Could anyone familiar with Singapore please tell me what is the name of a common textbook used for Math in Singapore's secondary schools? I am looking for topics covered for ages 14-18. I am very interested in what I have heard about Singapore's math education, so it's mostly to see their approach since I also do not like the vast majority of American math textbooks.

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    $\begingroup$ Note "Singapore Math" is a trademark for a math curriculum originating in the US, used in many schools. Do you mean this? Or do you mean a math curriculum actually used in Singapore? $\endgroup$ Oct 1 at 17:22
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    $\begingroup$ Yes, very true. I am referring specifically though to the math curriculum actually used in Singapore. $\endgroup$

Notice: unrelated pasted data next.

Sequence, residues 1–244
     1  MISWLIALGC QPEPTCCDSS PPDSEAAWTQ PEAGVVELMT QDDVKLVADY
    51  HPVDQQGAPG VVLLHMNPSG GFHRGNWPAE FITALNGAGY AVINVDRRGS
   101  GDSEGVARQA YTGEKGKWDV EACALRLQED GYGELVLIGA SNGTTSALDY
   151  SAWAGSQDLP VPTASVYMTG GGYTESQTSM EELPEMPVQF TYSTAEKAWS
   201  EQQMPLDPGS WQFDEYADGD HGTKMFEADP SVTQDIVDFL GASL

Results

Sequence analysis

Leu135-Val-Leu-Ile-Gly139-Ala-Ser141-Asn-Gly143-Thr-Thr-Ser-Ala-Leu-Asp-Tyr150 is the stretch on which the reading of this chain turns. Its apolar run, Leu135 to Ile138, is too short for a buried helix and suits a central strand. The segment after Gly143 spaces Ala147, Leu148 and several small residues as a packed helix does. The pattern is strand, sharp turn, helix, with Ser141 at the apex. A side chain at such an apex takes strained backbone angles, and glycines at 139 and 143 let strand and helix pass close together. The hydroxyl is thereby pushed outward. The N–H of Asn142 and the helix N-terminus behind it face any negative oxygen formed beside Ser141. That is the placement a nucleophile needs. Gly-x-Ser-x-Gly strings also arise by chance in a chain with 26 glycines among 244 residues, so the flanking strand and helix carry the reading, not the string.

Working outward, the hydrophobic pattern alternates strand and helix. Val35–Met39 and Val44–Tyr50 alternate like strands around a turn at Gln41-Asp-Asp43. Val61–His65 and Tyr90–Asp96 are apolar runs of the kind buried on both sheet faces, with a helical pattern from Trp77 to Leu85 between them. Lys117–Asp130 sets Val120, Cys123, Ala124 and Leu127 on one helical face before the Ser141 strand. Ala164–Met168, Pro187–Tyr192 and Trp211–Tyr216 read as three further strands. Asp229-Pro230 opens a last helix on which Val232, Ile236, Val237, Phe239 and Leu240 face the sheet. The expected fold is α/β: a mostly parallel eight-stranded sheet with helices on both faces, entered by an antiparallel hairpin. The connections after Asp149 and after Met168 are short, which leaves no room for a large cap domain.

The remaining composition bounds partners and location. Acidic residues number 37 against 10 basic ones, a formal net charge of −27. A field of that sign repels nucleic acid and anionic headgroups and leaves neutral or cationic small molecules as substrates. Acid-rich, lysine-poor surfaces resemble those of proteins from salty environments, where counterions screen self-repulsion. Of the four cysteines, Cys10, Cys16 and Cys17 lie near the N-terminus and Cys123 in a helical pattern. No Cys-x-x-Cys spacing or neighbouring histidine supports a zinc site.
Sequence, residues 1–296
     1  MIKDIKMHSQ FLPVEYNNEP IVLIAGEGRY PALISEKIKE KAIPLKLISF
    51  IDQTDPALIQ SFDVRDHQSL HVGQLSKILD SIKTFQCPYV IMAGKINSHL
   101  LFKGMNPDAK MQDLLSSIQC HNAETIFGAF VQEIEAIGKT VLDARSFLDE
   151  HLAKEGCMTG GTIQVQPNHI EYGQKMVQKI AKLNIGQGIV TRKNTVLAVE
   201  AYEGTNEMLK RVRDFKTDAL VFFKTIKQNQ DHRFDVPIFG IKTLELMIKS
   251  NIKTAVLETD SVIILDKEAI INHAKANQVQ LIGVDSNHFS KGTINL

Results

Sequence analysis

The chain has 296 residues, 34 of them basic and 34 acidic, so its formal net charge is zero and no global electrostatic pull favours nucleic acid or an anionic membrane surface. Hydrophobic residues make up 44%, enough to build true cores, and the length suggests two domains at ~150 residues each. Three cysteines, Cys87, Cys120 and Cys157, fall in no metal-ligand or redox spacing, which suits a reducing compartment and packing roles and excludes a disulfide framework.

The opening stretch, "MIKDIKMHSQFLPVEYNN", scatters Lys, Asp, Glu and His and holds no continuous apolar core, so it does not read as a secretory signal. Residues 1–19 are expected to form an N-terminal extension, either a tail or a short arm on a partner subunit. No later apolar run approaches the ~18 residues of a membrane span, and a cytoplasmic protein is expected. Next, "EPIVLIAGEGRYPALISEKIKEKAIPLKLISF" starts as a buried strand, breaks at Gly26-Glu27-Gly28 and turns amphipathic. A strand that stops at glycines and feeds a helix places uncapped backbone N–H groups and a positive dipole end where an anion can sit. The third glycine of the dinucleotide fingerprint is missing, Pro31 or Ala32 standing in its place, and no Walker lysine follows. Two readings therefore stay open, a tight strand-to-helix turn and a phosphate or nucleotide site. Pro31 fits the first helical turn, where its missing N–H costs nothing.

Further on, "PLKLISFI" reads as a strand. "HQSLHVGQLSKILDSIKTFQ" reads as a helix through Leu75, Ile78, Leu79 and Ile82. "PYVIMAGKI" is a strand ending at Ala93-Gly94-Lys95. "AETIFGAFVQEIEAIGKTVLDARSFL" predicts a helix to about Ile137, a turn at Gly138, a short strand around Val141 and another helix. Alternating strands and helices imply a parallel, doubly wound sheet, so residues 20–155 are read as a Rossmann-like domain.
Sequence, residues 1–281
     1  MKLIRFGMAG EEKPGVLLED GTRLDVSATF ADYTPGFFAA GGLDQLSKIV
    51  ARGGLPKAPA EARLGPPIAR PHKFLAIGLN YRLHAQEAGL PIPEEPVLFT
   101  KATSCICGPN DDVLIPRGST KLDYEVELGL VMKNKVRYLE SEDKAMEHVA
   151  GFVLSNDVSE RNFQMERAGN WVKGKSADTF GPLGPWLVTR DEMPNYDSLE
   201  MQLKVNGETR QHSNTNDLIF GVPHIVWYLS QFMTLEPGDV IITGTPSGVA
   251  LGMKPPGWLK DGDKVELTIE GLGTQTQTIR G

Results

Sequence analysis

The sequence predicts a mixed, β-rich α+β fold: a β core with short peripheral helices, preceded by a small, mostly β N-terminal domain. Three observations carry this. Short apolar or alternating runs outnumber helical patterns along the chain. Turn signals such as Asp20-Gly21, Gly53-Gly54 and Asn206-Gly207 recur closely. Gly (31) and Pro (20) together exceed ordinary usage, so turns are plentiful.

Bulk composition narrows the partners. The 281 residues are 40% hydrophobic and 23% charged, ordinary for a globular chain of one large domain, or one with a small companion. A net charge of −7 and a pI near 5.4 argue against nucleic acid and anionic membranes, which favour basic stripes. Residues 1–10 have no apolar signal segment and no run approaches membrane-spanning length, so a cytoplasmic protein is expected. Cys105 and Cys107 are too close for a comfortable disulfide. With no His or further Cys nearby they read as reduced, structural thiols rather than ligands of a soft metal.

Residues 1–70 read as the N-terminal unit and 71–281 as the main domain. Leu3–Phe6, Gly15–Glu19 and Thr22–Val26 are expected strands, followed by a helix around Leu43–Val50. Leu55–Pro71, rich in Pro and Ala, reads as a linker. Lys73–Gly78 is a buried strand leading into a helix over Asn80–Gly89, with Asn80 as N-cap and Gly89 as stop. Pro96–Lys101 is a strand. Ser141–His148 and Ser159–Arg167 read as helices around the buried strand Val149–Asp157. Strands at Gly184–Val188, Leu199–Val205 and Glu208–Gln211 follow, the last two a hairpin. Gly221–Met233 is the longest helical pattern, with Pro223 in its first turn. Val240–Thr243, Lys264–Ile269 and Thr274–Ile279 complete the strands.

– Wasp
    Oct 1 at 21:08
  • $\begingroup$ I think Singapore Math has a common core version they are marketing in the US, so if you want the real Singapore Math be careful to avoid that. Sadly I don't know the name of the one to avoid. But, my wife has researched this in depth as she was purchasing curriculum for our children. We use Singapore Math, very happy with it. Both conceptual and computationally solid. Early algebra integration and steady development of simple to more complex algebra skills with every grade. It is very well thought out. It's also light years ahead of standard curricula in the US as far as I know. $\endgroup$ Oct 2 at 22:10
  • $\begingroup$ Yes. I have taken a look at some of those samples, and it reinforces my view about how behind the curriculum is in this country. $\endgroup$
    – Wasp
    Oct 3 at 12:48
  • $\begingroup$ @JamesS.Cook What age group is this "Singapore Math" that you're so pleased with written for? $\endgroup$